Pakistani Girl Nearly Killed by Taliban Rushed to UK for Treatment
(ISLAMABAD) -- The 14-year-old Pakistani girl who was targeted and nearly killed by the Taliban for supporting education for girls has been flown to the United Kingdom for medical treatment.
Malala Yousufzai was transported on an air ambulance donated by the United Arab Emirates early Monday morning. The flight took off from a military air base in Rawalpindi and made a refueling stop in the UAE before continuing on to the United Kingdom, according to Pakistani military officials.
A senior Pakistani source in the United Kingdom says Yousufzai will be treated at a hospital in Birmingham, England. The Pakistani government has said it will pay for all hospital expenses.
"Last week's barbaric attack on Malala Yousufzai and her school friends shocked Pakistan and the world," a statement from British foreign secretary William Hague said. "The public revulsion and condemnation of this cowardly attack shows that the people of Pakistan will not be beaten by terrorists. The U.K. stands shoulder to shoulder with Pakistan in its fight against terrorism."
A statement issued by the Pakistani military said she was flown to the United Kingdom to receive treatment for head and neck injuries, and that she requires "long term rehabilitation."
Yousufzai was shot in the head and neck nearly a week ago while on her way home from school in Mingora, a village in the Swat Valley, home to a surge of extremists in 2009 who tried to establish Sharia law before a government offensive rooted them out. The assailant reportedly approached her school bus and asked those on board to identify the young girl. He then shot her and two classmates before fleeing.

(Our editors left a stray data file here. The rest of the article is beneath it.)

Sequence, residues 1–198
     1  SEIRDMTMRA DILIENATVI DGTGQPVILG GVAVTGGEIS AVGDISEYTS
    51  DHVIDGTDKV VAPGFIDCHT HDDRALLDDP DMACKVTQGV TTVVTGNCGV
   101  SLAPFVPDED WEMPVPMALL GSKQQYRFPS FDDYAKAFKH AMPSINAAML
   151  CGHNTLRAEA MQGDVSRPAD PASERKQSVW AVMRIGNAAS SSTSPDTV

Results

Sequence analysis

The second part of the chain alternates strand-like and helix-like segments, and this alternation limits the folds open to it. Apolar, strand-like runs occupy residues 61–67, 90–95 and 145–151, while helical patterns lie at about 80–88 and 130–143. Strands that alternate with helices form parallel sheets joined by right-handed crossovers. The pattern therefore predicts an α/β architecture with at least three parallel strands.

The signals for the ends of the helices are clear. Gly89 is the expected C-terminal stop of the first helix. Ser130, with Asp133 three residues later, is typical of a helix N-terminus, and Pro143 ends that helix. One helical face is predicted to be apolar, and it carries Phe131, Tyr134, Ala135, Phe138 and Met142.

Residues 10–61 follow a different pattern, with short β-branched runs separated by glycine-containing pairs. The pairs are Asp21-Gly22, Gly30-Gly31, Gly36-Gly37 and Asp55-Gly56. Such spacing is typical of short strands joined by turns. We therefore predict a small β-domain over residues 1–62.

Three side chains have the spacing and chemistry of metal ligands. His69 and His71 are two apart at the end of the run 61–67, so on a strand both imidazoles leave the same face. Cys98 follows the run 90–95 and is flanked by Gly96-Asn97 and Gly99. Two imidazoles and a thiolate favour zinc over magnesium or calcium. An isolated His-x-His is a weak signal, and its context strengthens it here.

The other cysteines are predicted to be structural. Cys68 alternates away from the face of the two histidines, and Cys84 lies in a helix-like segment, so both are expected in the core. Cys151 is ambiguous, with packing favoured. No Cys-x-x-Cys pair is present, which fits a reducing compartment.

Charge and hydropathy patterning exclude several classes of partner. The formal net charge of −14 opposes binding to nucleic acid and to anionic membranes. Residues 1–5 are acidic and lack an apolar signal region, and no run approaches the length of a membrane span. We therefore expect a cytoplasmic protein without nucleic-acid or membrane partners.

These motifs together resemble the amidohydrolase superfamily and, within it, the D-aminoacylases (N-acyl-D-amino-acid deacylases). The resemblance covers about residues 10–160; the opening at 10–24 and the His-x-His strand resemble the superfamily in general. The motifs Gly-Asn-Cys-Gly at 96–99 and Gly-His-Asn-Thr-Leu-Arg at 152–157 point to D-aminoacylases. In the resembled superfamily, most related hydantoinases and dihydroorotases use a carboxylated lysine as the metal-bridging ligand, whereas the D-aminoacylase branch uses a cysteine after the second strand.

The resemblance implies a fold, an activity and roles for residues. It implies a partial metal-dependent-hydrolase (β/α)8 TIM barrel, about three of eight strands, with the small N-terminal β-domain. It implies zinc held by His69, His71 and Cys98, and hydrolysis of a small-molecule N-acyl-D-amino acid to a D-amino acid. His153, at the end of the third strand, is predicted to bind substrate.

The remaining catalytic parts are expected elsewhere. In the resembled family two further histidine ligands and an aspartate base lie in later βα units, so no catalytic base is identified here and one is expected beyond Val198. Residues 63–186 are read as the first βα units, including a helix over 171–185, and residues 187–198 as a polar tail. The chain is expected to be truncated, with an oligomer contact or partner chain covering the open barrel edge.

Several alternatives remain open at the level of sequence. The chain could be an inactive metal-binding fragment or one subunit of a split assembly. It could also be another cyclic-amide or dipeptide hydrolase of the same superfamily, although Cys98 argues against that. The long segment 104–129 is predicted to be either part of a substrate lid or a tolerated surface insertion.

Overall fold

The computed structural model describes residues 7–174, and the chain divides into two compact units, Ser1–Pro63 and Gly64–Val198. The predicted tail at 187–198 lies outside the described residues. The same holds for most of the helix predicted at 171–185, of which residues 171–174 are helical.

Since the shooting, the young girl has been kept under medical sedation and required a ventilator to breathe. Doctors reportedly removed her briefly from the ventilator late Sunday night, after the girl showed a positive response to treatment. Sometime afterwards, her medical team made the decision to fly her abroad.
"It was agreed by the panel of Pakistani doctors and international experts that Malala will require prolonged care to fully recover from the physical and psychological effects of trauma that she has received," the Pakistani military statement said.
Yousufzai, whose father ran a school for years in Mingora, had been facing Taliban threats for years. In 2009, when Taliban militants forced the school to close, she blogged her experiences for BBC Urdu under a pseudonym, shedding light on what it was like for young girls to live under Taliban rule. When the school reopened, Yousufzai continued to speak out, appearing on talk shows and making public appearances demanding that girls in Pakistan have the right to an education.
Her shooting launched an unprecedented outcry, cross-cutting through Pakistan's complex religious and political lines. Political leaders from all parties, even those with historical ties to the Taliban, have condemned the attack. Pakistan's normally reclusive army chief and the country's prime minister have also made personal visits to see her in the hospital.
Initially, Pakistanis began protesting the attack in small numbers, with sporadic rallies and candlelit vigils attended -- in some cases -- by just dozens of well-wishers. As news of her attack spread, and politicians began making more forceful condemnations, the numbers quickly swelled.
Tens of thousands took to the streets Sunday in a political rally in Karachi, Pakistan's largest city. Young children carried placards with Yousufzai's picture, and Altaf Hussain, the leader of Pakistan's Muttahida Qaumi Movement, a key political party in Karachi, referred to her as "the daughter of the nation."
Even Afghan President Hamid Karzai has sent his condolences, writing a public letter to Pakistani political leaders, asking them to do more to rein in terrorists who operate along the Pakistan-Afghanistan border.
Copyright 2012 ABC News Radio